A new report, released in early November 2013, brings together information about the state of the land, water, wildlife, recreation, cultural health and more – follow this link for more information
The land surrounding Te Waihora/Lake Ellesmere has many natural springs and streams, modified waterways and constructed drainage channels. These combine to form a complex interconnected network and ultimately flow into Te Waihora/Lake Ellesmere. How this drainage network is managed has a huge impact on the water quality and habitat of the lake and tributaries.
Our Action Plan
WET’s activities are guided by our Action Plan which is available here. This plan builds on the Community Strategy (available to download here), which was adopted by the Trust in 2003. A copy of our Trust Deed can also be downloaded here.
Te Waihora Lake Ellesmere
Te Waihora Lake Ellesmere, one of New Zealand’s most important wetland systems, is a brackish, shallow lagoon with an average depth of 1.4m. Covering around 20,000 hectares, Te Waihora Lake Ellesmere, which lies just to the south of Banks Peninsula, is New Zealand’s fifth largest lake and is internationally significant for its wildlife abundance and diversity.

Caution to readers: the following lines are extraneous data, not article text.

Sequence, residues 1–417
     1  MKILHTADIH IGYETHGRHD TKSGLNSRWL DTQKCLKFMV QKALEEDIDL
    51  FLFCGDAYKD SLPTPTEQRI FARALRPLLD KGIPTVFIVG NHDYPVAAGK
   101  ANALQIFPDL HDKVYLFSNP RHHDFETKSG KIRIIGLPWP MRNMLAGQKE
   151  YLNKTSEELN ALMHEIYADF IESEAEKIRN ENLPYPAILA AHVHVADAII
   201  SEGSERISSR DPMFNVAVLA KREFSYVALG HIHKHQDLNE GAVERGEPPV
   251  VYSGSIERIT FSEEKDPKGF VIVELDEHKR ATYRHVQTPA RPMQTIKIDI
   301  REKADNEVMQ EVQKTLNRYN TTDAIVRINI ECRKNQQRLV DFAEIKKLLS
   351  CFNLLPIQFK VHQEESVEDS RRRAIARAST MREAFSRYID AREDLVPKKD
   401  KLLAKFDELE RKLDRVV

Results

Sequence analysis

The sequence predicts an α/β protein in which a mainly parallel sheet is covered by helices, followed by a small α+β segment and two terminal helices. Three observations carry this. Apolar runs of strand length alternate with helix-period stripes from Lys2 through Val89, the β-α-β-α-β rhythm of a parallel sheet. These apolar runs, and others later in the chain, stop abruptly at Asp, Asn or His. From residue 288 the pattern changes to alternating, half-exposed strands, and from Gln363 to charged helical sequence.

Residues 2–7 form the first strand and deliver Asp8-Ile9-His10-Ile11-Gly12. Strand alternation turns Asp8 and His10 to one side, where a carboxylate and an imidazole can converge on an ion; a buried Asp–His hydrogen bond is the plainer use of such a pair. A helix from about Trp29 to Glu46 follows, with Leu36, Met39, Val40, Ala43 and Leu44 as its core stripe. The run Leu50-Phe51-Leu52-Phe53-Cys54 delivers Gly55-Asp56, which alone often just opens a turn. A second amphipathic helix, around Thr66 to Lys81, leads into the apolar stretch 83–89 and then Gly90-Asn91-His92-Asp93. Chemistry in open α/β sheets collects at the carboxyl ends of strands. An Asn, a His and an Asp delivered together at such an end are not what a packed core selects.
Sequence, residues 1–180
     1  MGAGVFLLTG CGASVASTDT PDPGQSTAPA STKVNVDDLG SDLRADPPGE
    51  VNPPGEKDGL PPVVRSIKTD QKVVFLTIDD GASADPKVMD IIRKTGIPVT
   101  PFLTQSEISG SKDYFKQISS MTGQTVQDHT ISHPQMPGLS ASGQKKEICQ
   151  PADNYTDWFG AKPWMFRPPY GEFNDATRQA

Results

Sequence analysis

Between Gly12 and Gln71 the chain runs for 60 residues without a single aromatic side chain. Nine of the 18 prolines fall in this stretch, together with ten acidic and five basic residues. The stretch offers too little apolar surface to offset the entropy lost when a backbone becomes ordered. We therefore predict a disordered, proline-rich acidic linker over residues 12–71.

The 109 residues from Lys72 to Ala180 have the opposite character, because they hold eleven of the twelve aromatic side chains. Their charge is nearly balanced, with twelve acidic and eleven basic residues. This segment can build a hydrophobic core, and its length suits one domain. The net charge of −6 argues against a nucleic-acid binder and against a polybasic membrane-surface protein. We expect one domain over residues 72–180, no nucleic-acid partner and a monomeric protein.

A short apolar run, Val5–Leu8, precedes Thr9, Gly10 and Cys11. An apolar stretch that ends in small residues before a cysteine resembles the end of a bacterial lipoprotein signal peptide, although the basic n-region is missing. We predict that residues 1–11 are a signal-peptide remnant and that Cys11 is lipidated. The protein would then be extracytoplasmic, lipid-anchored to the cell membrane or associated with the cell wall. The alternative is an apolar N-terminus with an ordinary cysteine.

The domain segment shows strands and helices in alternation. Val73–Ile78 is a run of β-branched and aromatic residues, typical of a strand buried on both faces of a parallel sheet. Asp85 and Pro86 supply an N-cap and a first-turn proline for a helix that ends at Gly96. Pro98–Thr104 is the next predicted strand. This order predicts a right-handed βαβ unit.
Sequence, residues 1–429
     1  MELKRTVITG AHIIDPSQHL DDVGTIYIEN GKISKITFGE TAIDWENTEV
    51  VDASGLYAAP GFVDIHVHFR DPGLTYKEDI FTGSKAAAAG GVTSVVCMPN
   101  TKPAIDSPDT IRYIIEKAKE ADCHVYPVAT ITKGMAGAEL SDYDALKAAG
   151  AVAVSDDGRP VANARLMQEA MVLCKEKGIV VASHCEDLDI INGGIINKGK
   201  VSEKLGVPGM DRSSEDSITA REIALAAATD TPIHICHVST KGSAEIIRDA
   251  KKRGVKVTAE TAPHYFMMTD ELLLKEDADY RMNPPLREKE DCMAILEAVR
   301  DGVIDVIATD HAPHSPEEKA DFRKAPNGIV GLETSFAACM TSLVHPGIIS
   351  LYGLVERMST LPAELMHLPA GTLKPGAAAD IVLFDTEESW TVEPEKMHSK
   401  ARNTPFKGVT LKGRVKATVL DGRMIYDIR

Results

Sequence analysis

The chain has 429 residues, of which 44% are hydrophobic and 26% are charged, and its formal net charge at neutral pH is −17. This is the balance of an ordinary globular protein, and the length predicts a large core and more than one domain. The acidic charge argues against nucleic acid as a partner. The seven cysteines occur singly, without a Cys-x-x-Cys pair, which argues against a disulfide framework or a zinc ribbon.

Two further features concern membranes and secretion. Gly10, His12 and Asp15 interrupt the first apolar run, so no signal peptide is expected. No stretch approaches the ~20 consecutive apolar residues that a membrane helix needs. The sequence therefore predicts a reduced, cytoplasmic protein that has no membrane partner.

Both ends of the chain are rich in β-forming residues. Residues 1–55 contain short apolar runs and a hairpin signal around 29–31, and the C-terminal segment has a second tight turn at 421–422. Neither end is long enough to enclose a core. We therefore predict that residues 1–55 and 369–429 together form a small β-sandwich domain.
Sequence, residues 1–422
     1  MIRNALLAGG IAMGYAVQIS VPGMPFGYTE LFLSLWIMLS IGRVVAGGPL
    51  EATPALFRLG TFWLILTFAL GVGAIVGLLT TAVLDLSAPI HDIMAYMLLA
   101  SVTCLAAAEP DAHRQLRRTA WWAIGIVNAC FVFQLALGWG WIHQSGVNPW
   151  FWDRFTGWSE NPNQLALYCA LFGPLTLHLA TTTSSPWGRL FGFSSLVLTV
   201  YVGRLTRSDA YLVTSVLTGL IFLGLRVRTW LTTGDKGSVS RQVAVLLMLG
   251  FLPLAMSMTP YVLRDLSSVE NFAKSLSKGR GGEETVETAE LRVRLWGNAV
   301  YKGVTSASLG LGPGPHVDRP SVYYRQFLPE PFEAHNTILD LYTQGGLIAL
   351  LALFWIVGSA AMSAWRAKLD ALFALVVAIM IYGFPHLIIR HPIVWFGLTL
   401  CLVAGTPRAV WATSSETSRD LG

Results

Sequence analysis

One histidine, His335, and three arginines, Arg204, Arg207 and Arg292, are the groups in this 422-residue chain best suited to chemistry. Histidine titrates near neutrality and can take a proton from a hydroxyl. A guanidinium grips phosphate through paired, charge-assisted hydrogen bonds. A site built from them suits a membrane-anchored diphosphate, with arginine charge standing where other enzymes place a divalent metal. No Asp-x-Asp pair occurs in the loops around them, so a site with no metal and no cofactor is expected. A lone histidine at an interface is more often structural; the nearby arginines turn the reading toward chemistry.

The total number of bird species recorded at the lake is 167, with at least 37 species breeding. 43 species of fish have been recorded in the lake.
A Vision for Te Waihora Lake Ellesmere
- A place where healthy and productive water provides for the many users of the lake while supporting the diversity of plants and wildlife that make this place unique.
- A place of cultural and historical significance that connects us with our past and our future.
- A place where environmental, customary, commercial, and recreational values are balanced while respecting the health of the resource.
- A special wide open place for the enjoyment and wonderment of present and future generations.
- A place of contemplation and tranquillity as well as activity, a place just to be.
EDUCATE FACILITATE ACTIVATE
Acknowledging the past and looking to the future, we:
- Educate - enhancing understanding, awareness and the value of the Lake through education programmes, newsletters, and field days.
- Facilitate -promoting better management practices through public seminars and by partnering with private landowners, community groups and government agencies.
- Activate - providing opportunities and encouragement for people to get actively involved in projects to rehabilitate the ecosystem through riparian and wetland enhancement.